Close your eyes a moment and imagine a work area. Perhaps you saw a room divided into cubicles, an open plan space, maybe a co-working office. Or perhaps – if you plan on joining the growing global ranks of digital nomads – you saw a tropical paradise and a laptop.
Digital nomads are professionals who choose to work in location-independent roles and explore the world at the same time, rather than permanently basing themselves in one location. And there are a lot of aspiring travellers – 85% of millennials want to telecommute (or work remotely) 100% of the time, according to a survey by FlexJobs.
Many who choose this path work as virtual assistants, digital marketers, online writers or teachers and graphic designers – but really any job that can be done online and doesn’t require a physical presence is a contender.
One of the most appealing aspects of the digital nomad lifestyle – other than getting to see the world and sipping beachside margaritas – is the chance to work in places with a low cost of living. This allows people to price their services competitively and still earn a good living.
More and more people are deciding to become digital nomads and some predict that by 2020 more than half of all workers will have the freedom to work remotely.
But what’s behind this new trend and will it continue?
Just five or six years ago this would have been unthinkable. Things were pretty cut and dried; a graduate would enter the workplace, be shown to their desk and they would be tethered to it thereafter.
While a few digital-first companies offered flexi-time and the chance to work from home, there wasn’t much hope of tapping out your reports next to a swimming pool or from an exotic island paradise.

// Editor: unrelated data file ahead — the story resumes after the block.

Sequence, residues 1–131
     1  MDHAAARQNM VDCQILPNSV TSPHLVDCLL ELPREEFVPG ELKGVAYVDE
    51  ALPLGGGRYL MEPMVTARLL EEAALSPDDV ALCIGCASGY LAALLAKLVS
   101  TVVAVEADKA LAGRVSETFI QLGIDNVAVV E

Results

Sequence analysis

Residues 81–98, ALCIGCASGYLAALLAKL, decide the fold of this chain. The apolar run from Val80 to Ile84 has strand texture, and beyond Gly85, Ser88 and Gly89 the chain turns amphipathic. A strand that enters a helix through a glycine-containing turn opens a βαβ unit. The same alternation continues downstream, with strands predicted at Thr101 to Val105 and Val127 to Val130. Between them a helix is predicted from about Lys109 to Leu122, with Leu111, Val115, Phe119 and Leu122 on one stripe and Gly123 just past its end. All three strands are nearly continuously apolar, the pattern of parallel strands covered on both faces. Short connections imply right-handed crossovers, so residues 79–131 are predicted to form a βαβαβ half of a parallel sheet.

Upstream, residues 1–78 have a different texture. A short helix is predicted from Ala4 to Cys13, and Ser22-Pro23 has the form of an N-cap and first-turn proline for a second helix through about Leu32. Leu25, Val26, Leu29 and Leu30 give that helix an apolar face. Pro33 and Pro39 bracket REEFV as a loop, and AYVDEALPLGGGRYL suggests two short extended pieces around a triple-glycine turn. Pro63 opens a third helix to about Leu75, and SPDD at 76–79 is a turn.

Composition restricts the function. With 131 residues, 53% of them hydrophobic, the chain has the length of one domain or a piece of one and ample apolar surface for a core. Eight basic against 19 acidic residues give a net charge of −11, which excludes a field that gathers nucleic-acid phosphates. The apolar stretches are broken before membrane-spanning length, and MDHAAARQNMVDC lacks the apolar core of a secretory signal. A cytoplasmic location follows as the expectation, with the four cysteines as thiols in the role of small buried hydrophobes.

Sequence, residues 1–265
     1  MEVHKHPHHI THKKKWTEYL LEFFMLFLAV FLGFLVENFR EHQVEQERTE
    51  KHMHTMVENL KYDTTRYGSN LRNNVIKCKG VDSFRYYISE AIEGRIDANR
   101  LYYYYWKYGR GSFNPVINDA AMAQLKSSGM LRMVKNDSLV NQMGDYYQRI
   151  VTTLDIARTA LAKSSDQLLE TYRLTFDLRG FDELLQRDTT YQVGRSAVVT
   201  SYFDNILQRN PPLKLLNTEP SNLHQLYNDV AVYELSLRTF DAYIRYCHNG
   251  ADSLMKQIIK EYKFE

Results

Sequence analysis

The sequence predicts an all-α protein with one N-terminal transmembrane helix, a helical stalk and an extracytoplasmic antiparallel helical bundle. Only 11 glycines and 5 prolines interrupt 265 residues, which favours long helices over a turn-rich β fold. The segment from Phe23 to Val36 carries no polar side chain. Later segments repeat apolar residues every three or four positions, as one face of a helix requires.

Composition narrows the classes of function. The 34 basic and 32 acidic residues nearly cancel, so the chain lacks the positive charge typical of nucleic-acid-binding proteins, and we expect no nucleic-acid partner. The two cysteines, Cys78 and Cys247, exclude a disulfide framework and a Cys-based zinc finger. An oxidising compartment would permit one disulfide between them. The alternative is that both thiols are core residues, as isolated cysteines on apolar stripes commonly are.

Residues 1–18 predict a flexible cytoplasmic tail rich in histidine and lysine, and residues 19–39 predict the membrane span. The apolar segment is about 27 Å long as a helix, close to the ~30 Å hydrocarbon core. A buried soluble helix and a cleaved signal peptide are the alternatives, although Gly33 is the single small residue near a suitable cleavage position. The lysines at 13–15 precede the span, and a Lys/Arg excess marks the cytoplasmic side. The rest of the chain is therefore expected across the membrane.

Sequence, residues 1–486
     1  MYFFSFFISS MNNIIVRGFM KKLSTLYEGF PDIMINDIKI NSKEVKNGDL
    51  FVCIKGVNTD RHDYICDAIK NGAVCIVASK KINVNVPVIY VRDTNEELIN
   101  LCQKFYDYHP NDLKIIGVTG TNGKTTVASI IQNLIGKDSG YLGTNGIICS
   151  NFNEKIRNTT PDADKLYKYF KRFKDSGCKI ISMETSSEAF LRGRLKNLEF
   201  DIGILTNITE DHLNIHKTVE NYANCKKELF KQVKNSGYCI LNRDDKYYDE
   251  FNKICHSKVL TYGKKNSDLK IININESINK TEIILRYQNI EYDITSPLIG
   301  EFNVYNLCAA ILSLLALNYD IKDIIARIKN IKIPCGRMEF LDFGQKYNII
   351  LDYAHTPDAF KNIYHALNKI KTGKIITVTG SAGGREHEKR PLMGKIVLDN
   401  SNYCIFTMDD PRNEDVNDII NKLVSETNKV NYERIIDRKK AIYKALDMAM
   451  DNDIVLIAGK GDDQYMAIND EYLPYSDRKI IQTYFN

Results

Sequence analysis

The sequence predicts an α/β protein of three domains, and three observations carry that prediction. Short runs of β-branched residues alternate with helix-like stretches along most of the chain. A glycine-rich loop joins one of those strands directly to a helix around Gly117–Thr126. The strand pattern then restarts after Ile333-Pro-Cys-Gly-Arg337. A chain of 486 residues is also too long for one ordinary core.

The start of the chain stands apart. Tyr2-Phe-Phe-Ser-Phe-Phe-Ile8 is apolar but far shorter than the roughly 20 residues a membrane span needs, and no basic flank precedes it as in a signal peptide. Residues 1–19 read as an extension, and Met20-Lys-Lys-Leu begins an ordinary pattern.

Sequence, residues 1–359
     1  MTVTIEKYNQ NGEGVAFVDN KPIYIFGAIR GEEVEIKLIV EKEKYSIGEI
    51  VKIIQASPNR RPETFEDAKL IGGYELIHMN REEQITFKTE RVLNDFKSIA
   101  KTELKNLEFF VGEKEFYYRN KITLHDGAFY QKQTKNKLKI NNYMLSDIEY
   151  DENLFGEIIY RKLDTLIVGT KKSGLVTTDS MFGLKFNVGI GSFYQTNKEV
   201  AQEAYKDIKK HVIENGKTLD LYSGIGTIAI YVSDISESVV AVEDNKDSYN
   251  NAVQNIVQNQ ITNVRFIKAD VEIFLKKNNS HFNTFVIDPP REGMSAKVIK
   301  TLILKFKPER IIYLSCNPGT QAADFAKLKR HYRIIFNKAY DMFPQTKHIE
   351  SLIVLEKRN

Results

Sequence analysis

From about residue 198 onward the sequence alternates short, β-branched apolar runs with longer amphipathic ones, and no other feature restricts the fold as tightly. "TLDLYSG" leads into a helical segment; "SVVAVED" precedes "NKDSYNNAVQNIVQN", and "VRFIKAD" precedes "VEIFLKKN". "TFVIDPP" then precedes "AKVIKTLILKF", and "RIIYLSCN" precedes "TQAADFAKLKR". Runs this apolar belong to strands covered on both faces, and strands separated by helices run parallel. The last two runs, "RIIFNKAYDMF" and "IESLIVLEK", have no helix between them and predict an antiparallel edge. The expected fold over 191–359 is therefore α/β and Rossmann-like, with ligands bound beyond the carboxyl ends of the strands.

Collaborative online working was possible of course – Github for example, could be considered a pioneer of this approach – but a “work from anywhere” attitude hadn’t caught on. Wi-Fi connections were slow, video calls unreliable and platforms weren’t all that secure.
Today, we have cloud-based organisation platforms like Trello and Asana, communications tools like Slack, more reliable video conferencing software, and good WiFi. These are all things that make remote working much easier for employees.
Moreover, the future looks bright; 5G appears to be just around the corner and with virtual reality applications like Facebook Spaces entering the market, we may even see our 3D versions of our bosses out on the beach in Phuket with us.
What challenges do digital nomads face?
For digital nomads things seem to be going smoothly. The jet-set sun-seeking lifestyle is available to everyone, right?
Well, unfortunately, there are still flies in the ointment. The technology may be catching up with our aspirations, but most HR departments and managerial practices have not.
The 9 to 5 work week is still a staple and convincing a manager that you are doing your work when you are 5000 kilometres away is near enough impossible in most cases. Therefore, for the most part, digital nomads start out as freelancers working in positions that companies are more comfortable to outsource.
But even they have obstacles to overcome:
Time zones: sales calls, catch ups and general meetings mostly have to be conducted during the normal 9-5 work day, regardless of where the independently-located worker is. When that’s San Francisco to Melbourne the nomad will have to be creative with their sleep schedule.
Proof of work: digital nomad jobs tend to be results-oriented, rather than measured on time-spent in an office. While most managers are fine with this, it can be difficult for digital nomads to establish themselves as reliable and trustworthy resources for a company. Providing portfolios of work, references and testimonials often help in the sales stage.